The American Society of Cinematographers

Loyalty • Progress • Artistry
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Robert F. Liu, ASC
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Isidore Mankofsky, ASC
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Veteran cinematographer Robert F. Liu, ASC receives the Society’s Career Achievement in Television Award.


Photos courtesy of Robert Liu, ASC and Lowell Peterson, ASC
Robert F. Liu, ASC, who was recently honored with the Society’s 2009 Career Achievement in Television Award, forged a cross-cultural career at a time when such international experiences were rare. When he was a young man, his talent was recognized by Chinese film pioneer Chuang Kuo Chuen, and he found Stateside mentors in director Robert Wise and cinematographer James Wong Howe, ASC. Liu went on to earn Emmy nominations for his work on the hit series Lou Grant and Family Ties.
    Liu was born in Shanghai in 1926. He had six brothers and one sister. His father, who had been educated in the United States on a YMCA scholarship, worked as senior clerk at Anderson Clayton, an American firm with offices in Shanghai. Young Bobby and one of his brothers shared an early interest in chemistry, and together they turned the family home into a veritable laboratory, making everything from batteries and soap to enlarging paper.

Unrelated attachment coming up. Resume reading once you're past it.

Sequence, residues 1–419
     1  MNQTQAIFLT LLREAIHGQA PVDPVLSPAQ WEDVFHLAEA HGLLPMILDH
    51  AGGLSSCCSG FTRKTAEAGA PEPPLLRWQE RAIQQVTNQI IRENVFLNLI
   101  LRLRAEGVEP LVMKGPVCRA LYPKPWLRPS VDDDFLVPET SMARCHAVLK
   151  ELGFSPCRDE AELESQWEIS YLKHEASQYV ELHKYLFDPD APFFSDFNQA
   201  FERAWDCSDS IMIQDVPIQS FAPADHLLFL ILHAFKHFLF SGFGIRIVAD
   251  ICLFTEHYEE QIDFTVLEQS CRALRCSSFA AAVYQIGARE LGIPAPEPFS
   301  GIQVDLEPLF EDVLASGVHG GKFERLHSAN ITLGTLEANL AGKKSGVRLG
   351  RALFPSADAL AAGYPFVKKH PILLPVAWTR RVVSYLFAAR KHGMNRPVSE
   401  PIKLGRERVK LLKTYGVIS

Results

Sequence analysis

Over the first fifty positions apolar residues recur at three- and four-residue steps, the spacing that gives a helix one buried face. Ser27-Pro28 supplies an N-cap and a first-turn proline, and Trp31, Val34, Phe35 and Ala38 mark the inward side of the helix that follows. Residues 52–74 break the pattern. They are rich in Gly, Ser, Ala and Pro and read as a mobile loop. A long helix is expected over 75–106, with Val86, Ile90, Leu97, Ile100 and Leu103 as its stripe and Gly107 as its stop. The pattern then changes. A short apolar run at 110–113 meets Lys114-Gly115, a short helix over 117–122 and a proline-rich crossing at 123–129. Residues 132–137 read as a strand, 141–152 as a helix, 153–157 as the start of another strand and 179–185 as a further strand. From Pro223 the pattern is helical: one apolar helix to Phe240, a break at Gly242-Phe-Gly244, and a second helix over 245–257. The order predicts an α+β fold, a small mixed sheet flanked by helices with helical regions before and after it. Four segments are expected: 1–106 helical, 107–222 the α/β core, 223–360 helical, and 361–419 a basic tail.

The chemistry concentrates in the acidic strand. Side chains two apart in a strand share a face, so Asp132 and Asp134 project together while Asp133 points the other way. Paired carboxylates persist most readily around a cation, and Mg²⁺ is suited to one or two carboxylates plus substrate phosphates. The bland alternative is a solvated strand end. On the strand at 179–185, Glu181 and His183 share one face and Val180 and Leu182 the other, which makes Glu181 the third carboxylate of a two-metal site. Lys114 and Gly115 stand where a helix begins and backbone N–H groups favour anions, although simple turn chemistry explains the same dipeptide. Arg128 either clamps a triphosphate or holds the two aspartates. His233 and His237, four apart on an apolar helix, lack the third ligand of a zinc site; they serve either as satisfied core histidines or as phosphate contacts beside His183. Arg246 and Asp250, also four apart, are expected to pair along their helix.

As a child, Liu enjoyed the exploits of Tom Mix and other legends of the silent cinema. By the time he reached high school, he had begun experimenting with his brother’s 8mm Kodak camera. “I was fascinated with moving pictures, but I never thought I would end up in the business,” he says. “I was very fortunate.”
    Inspired by Walter Pidgeon’s portrayal of a U.S. ambassador to Mexico in Holiday in Mexico (1946), Liu set his sights on a career in diplomacy, and he earned a bachelor’s degree in political science. Upon graduating, however, he realized that such a career did not align with his principles. “The saying was, ‘An ambassador is an honest man sent abroad to tell lies,’” he notes. “When I heard that, I decided it wasn’t for me.”
    In 1949, Liu made his way to Hong Kong and took his first steps toward a career in filmmaking. A friend brought him to Great Wall Studio, where he found work as a boom man in the sound department. Great Wall was also home to Chuang Kuo Chuen, who financed, wrote, directed and shot features, and in 1951, when Chuang was offered a chance to be the director of photography on a film in Taiwan, Liu worked as his assistant. The two remained close, and in 1957, Liu married Chuang’s daughter, Ivy.